Drug recovery and dating
In many cases, these relationships are not only distracting and dysfunctional, but they also put both partners at increased risk of relapse. Promiscuity, Affairs or Risky Sexual Behavior If your therapist recommends sexual abstinence for at least the first 90 days of sobriety and you feel like all air has escaped the room, you may be struggling with an underlying love or sex addiction.An inability to be alone, feeling worthless or unloved when not in a relationship, or a sudden drop in self-esteem brought on by having fewer sexual partners can all point to a deeper issue.
Why do relationships in early recovery so often lead to relapse? At a time when emotions are already unstable, a break-up can trigger the kind of anger and despair that used to be assuaged with drugs or alcohol.Take the first year in recovery to focus on nonsexual relationships with yourself, your therapist, and supportive friends and family and save romantic relationships for a time when you’re fully grounded in your recovery. Looking for Love in all the Wrong Places Bars, clubs and parties are a favorite place to meet potential partners.For those in early recovery, these are not the best places for finding love for obvious reasons.Alcohol and drug use are an accepted (and sometimes expected) part of the dating scene, which can trigger a relapse for even the most resolute.In addition, the relationships formed in these places are likely “hook-ups” (casual, and perhaps risky, sexual encounters) rather than genuine connections, which can become addictive in and of themselves.All of these behaviors may be indicative of underlying issues, including low self-esteem, unresolved trauma (such as childhood sexual abuse), and sex and love addiction.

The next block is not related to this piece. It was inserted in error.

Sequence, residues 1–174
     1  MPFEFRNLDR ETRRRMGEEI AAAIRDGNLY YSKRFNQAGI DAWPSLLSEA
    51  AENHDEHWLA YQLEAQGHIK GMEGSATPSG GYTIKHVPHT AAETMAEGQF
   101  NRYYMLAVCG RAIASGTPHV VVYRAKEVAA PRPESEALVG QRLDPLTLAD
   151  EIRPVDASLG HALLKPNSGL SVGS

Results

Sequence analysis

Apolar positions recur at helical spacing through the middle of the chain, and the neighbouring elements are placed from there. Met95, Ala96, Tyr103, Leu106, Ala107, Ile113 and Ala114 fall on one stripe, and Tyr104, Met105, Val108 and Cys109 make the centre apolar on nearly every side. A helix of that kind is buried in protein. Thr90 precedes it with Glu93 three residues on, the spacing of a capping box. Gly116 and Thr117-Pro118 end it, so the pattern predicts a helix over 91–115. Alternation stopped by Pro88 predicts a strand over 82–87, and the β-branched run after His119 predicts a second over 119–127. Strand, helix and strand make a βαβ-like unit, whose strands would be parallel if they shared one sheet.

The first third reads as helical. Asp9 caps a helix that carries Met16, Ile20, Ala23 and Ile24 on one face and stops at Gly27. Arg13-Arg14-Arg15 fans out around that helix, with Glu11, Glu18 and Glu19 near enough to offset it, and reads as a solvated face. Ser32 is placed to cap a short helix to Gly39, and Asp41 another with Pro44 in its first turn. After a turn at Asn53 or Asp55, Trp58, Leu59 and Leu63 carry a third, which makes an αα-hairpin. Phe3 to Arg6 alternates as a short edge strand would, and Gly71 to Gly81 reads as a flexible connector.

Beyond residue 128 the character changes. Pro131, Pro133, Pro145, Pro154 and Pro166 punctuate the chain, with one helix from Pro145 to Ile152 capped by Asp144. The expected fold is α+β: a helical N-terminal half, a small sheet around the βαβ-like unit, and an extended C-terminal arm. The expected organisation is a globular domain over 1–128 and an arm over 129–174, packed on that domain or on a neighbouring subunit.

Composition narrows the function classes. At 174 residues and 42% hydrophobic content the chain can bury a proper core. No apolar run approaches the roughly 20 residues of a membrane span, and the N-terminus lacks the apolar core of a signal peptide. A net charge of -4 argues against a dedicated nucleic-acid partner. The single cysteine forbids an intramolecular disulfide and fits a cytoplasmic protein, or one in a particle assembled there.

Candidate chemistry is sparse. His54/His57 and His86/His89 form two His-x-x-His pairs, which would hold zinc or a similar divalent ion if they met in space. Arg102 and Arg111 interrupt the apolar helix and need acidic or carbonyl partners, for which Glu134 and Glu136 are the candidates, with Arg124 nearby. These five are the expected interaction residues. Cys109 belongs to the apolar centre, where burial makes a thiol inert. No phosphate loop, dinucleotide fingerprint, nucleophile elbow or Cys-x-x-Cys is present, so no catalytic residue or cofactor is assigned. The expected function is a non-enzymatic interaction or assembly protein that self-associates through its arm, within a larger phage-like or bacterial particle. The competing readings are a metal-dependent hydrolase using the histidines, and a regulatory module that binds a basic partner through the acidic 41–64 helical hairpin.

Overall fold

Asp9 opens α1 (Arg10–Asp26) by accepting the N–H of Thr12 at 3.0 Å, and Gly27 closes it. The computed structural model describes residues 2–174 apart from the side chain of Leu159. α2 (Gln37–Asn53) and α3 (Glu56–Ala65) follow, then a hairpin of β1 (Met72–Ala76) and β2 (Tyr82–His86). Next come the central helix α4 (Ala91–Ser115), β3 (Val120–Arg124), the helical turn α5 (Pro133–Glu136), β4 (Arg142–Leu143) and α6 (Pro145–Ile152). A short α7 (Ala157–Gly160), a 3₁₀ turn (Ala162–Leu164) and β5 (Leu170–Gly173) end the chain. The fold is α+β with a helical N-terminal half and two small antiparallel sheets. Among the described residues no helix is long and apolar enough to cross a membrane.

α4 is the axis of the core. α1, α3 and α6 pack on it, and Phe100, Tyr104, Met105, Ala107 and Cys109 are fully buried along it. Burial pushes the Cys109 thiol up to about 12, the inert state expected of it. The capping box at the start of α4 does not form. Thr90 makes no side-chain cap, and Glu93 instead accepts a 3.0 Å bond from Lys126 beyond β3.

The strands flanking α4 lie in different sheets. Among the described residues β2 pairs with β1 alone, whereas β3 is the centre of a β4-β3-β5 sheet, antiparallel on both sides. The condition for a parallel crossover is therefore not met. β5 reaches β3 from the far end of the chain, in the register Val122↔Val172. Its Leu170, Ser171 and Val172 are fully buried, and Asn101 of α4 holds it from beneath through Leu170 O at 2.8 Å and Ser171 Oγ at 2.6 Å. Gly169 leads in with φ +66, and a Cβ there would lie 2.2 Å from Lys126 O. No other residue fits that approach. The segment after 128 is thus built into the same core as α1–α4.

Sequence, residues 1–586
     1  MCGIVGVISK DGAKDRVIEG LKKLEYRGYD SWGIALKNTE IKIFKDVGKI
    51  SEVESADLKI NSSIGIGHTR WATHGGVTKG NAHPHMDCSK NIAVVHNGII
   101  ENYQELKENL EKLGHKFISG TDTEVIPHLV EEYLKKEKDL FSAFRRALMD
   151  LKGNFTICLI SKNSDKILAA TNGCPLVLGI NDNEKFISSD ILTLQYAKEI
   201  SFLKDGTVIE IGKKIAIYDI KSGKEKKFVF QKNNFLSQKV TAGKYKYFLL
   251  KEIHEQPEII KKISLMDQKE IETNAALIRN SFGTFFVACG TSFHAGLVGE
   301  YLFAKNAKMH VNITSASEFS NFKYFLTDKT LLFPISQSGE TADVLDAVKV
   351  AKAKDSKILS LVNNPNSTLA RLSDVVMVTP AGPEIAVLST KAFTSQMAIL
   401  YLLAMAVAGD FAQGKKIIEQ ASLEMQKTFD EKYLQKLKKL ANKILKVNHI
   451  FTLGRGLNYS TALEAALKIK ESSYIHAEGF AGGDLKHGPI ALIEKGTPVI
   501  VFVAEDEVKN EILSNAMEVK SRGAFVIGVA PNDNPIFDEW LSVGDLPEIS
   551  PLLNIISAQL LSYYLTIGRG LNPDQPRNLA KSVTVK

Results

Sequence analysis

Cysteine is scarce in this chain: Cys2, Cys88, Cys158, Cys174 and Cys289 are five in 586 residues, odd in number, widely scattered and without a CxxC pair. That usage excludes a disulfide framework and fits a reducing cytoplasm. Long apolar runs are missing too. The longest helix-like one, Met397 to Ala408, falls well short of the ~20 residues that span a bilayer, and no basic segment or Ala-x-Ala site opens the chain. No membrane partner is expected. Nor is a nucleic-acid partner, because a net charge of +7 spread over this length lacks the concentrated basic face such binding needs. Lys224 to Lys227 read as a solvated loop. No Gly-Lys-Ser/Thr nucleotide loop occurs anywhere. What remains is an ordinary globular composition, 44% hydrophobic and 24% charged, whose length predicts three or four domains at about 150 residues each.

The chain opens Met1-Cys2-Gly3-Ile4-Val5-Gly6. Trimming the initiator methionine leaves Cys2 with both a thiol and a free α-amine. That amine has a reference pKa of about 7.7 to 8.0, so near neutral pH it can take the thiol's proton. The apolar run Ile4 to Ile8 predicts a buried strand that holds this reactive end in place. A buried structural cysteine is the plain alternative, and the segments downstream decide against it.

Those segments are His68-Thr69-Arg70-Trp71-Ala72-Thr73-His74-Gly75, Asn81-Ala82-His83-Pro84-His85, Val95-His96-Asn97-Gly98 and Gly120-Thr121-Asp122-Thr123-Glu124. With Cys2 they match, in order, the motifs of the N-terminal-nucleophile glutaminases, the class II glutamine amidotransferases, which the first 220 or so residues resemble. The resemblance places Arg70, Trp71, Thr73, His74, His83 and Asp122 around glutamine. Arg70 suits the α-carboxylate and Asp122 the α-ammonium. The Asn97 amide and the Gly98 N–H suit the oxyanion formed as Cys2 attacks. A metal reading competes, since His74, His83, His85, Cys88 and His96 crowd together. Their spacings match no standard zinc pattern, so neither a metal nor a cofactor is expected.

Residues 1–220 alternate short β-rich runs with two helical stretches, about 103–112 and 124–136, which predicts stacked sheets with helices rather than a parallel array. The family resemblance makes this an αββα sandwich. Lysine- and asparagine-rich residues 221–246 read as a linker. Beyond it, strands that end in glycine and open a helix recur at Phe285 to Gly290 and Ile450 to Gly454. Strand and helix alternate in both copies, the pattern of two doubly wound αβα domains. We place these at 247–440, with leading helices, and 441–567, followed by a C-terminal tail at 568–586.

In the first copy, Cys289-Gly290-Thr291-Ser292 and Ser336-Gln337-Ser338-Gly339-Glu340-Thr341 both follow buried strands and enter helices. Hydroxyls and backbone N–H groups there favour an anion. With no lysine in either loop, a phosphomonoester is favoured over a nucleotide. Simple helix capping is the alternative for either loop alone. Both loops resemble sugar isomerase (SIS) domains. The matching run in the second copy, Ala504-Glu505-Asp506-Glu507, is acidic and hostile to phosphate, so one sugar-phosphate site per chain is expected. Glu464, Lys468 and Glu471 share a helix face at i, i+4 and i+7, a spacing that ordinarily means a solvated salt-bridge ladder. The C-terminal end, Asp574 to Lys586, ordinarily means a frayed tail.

Many people relate to some of the symptoms of sex or love addiction, but do not recognize it as a problem in their lives.
If you manage to escape the party scene drug-free, there’s a good chance you’ve selected a partner who uses drugs in some form.
Even if you’re determined to protect your sobriety, it is often only a matter of time before you end up joining them.
Science shows that both sex and drugs boost dopamine activity in the brain, so it is not surprising that the same person who struggles with drug addiction is at greater risk of sex and love addiction, as well as other compulsions and addictions.
In the first few months following drug rehab, when your recovery is at its most vulnerable, a relationship will likely become your primary focus and your recovery (and yourself) will take second or third.
They may also find themselves being discharged early for having sex with other clients or being spoken to about dressing provocatively or flirting with the staff.